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Editorial: The heavy cost of anti-vaccination free-riders
As school begins this week, it’s worth revisiting a disturbing fact: The Pacific Northwest is the nation’s hot spot for anti-vaccination free-riders.
Seattle Times Editorial
LAST weekend, a teenager in King County whose parents intentionally avoided mandatory vaccinations was diagnosed with measles. Public-health officials in King County and in Portland, Ore., where the teen had recently attended a tennis tournament, scrambled to issue detailed itineraries of potential contamination.
Lucky for them, and for the rest of us, school hadn’t started. But imagine the anger of a parent of a particularly vulnerable child — an infant, or a child with a compromised immune system — learning his or her kid is now at risk because another parent was gambling with a preventable, highly transmittable illness.
In epidemiology, it’s known as the free-rider phenomenon. Non-immunization is a risk some parents apparently think they can afford only because most other parents wisely choose to immunize their kids.
As school begins in Seattle this week, it’s worth revisiting a disturbing fact: The Pacific Northwest is the nation’s hot spot for anti-vaccination free-riders.
Washington ranks seventh, at 4.6 percent, in the percentage of kindergartners whose parents last year demanded exemptions from mandatory vaccinations, according to the Centers for Disease Control and Prevention.
Oregon (6.4 percent) has the nation’s worst rate, followed closely by Idaho (5.9 percent) and Alaska (5.6 percent).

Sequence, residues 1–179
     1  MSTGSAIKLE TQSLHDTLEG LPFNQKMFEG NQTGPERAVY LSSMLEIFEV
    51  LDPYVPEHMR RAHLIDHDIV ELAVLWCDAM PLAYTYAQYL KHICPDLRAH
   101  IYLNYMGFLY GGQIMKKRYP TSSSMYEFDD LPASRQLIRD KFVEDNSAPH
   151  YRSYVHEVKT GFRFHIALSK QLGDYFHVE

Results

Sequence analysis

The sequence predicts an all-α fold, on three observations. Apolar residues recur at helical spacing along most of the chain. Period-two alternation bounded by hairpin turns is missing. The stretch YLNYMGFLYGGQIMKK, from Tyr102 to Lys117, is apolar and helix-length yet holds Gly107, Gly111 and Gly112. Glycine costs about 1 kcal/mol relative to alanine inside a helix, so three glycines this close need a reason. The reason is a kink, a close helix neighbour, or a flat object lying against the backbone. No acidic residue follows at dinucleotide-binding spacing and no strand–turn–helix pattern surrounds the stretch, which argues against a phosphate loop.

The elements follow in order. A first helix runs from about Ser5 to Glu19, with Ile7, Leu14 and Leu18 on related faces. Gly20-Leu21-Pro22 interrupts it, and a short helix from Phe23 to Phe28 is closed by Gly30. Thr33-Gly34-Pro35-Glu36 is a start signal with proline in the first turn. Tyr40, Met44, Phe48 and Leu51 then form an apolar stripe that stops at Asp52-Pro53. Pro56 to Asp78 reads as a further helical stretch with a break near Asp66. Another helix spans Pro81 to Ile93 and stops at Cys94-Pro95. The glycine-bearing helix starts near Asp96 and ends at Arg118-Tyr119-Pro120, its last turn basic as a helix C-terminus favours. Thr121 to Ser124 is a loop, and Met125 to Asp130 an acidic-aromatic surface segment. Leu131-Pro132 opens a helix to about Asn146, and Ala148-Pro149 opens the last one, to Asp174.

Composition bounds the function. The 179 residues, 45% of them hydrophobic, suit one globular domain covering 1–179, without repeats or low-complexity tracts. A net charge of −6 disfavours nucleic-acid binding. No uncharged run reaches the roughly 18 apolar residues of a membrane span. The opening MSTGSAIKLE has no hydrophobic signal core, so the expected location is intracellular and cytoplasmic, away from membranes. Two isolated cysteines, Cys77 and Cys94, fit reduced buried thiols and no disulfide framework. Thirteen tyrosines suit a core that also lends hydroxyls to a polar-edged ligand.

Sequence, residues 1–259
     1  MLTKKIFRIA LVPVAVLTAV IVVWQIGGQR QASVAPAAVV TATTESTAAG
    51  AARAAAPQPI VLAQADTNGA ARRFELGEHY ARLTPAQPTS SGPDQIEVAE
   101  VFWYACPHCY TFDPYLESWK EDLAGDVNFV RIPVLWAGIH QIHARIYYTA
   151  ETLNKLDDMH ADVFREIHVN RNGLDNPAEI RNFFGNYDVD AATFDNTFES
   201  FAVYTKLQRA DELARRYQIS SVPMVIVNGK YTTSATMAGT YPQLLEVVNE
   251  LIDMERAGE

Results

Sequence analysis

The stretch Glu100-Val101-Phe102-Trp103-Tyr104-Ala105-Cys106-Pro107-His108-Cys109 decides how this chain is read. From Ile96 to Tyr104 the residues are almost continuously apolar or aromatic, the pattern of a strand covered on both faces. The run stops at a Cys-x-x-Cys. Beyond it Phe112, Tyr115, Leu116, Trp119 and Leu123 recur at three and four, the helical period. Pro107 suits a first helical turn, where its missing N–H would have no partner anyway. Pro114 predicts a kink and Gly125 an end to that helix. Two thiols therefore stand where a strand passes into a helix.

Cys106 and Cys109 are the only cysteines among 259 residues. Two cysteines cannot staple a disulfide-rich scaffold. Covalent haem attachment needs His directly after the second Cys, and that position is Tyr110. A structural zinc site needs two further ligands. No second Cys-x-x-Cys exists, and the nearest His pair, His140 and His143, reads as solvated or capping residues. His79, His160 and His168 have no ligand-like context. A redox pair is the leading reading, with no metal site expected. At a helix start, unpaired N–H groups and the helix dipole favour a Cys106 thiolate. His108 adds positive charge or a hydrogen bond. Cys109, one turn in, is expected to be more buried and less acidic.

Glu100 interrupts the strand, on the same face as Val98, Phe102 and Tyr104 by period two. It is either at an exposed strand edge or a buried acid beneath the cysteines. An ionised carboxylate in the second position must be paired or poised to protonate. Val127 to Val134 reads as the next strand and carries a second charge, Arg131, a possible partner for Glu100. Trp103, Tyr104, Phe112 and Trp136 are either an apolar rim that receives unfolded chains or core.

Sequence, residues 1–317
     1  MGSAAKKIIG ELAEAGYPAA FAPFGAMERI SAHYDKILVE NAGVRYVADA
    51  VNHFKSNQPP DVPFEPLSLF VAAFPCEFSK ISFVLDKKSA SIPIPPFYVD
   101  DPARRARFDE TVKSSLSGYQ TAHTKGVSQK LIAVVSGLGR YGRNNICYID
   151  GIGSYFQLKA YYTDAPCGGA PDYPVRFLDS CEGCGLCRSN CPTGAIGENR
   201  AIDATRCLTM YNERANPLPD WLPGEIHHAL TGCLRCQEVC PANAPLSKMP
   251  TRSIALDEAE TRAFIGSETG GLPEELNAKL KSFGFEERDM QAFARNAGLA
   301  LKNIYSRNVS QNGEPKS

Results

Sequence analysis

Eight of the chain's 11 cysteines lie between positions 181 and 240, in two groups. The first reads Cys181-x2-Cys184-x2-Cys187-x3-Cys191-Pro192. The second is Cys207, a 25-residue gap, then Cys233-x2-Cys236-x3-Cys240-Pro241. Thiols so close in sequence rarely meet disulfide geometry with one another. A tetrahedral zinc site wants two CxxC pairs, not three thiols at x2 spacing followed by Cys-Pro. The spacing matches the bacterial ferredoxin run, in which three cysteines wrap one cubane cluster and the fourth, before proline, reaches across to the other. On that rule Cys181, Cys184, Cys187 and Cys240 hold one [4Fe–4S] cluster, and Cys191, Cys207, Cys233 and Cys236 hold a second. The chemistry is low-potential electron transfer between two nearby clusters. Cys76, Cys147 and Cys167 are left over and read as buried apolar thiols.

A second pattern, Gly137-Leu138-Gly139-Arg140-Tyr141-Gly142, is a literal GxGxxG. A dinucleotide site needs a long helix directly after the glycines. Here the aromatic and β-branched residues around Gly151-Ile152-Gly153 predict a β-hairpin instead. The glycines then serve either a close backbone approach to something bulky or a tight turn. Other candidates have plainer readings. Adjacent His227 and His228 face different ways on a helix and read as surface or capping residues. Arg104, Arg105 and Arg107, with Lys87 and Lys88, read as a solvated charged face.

Call it a frontier mentality, or counterculturalism, or whatever. It is based on unfounded fear, not science.
The anti-vaccination craze was fueled by a 1998 study in the British medical journal The Lancet, which suggested a link between the vaccinations for measles, mumps and rubella (the M.M.R. immunization) and autism. The study was retracted, subsequent research has disproved the link and, in 2010, Britain’s General Medical Council barred the researcher, Dr. Andrew Wakefield, from practicing medicine.
If that’s not enough, a federal trial in 2009, in which three families with children who have autism sought compensation from a special vaccine-injury fund, ended with another debunking of the vaccine-autism link. A special master found the evidence was “overwhelmingly contrary” to such a link. But it lives on. With serious consequences.
There are fresh measles outbreaks in Wakefield’s native England, and at a Texas church that preached the debunked autism-vaccine link. In 2008, 18 of the 19 children in a measles outbreak in Grant County were unvaccinated.
Washington’s vaccination rate has risen since the 2011 state Legislature — apparently embarrassed by the state’s then-worst-in-the-nation ranking — tightened the wide-open exemption policy for mandatory vaccinations. Now, parents have informed consent — including a risk-benefit talk with their doctor — before exempting their child, except for religious reasons. Oregon, the current leader in non-vaccination, recently copied the law.
For parents considering sending non-vaccinated students to school, remember that free riding carries a heavy public cost.